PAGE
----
Dear Mr. President,
We at Cultural Survival appreciate your government’s continued effort and commitment in facilitating peace in Northern Kenya.
As an international organization that stands with Indigenous communities around the world, we hereby write to you today in regard to the on-going land “invasion” crisis in Laikipia County.
The confrontation between Samburu, Maasai and Pokot herders in the last six months is getting out of control, leading to the death of dozens of people.
The herders are on a desperate effort to keep their livestock alive during a deadly drought that you as the President of the republic declared a national emergency.
Mr. President, your government’s response to the crisis is use the police to drive the herders out of the ranches instead of looking at crisis one of compassion for a distressed people. Your government has shown total bias in support of white ranchers. The operation has hurt a lot of people – homes have been burnt down, livestock confiscated from an already vulnerable community and serious violations of human rights by the police.
Mr. President, we also authoritatively inform you that there are operatives in your government who are not interested in long term solutions to the current crisis but rather looking at short term gains like control of Laikipia North Parliamentary seat. There are also claims that people in your government are interested in some of the ranches that are being claimed by the Maasai and Samburu.
We are also concerned by the deliberate media onslaught that is branding pastoralists as “Invaders, Marauders and Criminals.” The campaign is being waged by people in your government and white ranchers. We feel that mudslinging these communities that are on the verge of a serious economic depression due to effects of climate change is unfair. This campaign is dividing the country and portraying the pastoralists as the “other” and not a victim of drought.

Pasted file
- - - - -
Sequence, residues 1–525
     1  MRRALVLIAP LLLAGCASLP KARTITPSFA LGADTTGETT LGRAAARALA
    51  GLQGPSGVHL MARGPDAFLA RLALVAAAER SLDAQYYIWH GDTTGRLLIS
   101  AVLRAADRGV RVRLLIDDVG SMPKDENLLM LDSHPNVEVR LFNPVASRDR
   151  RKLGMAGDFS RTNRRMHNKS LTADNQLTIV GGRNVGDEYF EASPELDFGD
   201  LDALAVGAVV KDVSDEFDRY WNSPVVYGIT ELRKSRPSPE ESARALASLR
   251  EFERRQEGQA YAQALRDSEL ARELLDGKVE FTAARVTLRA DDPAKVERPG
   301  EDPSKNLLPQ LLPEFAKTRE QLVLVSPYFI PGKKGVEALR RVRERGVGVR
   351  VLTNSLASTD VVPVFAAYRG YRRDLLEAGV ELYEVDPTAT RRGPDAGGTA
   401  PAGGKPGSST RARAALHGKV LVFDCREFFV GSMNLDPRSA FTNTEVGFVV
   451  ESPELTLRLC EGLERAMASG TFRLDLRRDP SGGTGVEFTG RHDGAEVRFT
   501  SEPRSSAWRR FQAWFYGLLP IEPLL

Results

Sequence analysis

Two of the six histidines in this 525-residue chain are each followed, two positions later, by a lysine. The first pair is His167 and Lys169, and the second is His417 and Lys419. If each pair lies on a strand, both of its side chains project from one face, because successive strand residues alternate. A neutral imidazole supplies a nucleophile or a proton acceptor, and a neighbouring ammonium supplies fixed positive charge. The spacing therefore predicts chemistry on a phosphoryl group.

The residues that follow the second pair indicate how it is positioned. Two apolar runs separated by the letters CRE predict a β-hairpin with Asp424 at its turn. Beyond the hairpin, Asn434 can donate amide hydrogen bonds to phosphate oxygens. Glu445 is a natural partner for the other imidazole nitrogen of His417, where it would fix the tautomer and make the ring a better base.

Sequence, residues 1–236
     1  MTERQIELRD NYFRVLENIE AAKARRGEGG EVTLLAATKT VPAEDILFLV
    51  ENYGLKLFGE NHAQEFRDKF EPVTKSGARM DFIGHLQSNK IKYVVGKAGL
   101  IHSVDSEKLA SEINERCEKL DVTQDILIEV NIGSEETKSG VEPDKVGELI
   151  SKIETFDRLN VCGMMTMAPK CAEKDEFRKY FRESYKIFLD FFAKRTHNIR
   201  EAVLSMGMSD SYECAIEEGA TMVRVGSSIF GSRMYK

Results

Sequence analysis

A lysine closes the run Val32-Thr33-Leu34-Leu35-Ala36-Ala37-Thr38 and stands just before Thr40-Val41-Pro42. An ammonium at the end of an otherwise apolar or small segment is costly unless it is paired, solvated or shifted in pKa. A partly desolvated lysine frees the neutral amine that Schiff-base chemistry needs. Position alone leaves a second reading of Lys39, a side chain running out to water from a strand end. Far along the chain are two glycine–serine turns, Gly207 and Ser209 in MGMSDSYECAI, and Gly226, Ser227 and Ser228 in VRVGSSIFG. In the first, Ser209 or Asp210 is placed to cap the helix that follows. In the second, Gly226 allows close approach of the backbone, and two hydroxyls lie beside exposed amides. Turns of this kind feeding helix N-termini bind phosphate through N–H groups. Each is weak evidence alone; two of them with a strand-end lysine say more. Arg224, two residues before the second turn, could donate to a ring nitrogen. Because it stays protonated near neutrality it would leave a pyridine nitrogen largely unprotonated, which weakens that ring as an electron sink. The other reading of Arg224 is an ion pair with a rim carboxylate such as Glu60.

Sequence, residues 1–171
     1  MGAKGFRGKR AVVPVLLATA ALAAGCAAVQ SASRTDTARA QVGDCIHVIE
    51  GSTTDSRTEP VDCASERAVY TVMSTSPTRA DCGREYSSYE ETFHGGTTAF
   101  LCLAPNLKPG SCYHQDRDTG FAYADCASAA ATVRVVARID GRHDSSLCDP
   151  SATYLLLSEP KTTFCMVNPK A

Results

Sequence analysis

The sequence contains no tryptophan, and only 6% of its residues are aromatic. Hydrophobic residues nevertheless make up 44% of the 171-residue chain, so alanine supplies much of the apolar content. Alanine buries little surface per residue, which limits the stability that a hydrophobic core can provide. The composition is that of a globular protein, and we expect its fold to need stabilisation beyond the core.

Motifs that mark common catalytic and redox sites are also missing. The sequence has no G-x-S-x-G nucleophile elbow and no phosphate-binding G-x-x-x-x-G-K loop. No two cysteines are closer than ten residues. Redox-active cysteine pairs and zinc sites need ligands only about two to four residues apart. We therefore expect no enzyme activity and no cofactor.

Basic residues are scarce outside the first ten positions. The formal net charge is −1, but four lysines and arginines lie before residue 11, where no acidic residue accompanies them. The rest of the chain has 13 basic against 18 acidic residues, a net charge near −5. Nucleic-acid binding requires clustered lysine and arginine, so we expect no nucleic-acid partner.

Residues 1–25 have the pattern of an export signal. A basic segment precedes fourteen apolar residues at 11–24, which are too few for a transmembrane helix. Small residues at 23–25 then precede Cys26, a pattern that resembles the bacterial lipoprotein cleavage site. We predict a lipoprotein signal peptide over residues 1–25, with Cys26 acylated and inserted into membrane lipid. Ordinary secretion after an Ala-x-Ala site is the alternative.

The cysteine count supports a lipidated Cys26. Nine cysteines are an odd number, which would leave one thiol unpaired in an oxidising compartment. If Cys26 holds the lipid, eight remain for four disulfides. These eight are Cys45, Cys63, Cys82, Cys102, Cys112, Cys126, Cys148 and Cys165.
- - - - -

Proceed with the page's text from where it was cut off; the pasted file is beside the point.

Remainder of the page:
Mr. President, we would like to reiterate again that the migration of pastoralists into Laikipia is not a mindless movement. The problem boils down to land fragmentation. Large scale ranches, agriculture and protected areas have taken away or blocked access to remaining historical grazing lands, resulting in negative impacts on the pastoralist production system. Pastoralists who have traditionally dependent on access to communally-held seasonal grazing areas and water sources have been cut off thus the current spate of forceful entrance into the ranches.
Mr. President, we do not condone any form of violence by any of the parties. We seek your understanding of the fact that this pastoral system has been broken by land fragmentation, and this factor cannot be ignored in this conflict.
We must also put this in the perspective of historic land injustices meted upon the Maasai and Samburu people in Laikipia where the bulk of their land was confiscated during the colonial era. Most of this land (937,583 hectares) or 40% is currently owned by 48 individuals as commercial ranches or conservancies. These ranches and farms are fenced off and rarely provide migration routes for pastoralists. Pastoralists are limited to 13 group ranches (7.45%) in the drier northern parts of the county.
Mr. President, we are concerned that your government has continued to show disinterest in resolving historical land injustices in Laikipia or provide support to the Maasai and Samburu to cushion them against the current drought crisis. As a result, a majority is becoming poorer as the land use system is not beneficial to them. Unless addressed, this crisis will continue to intensify as time goes by.
Mr. President, we ask you to do the following:
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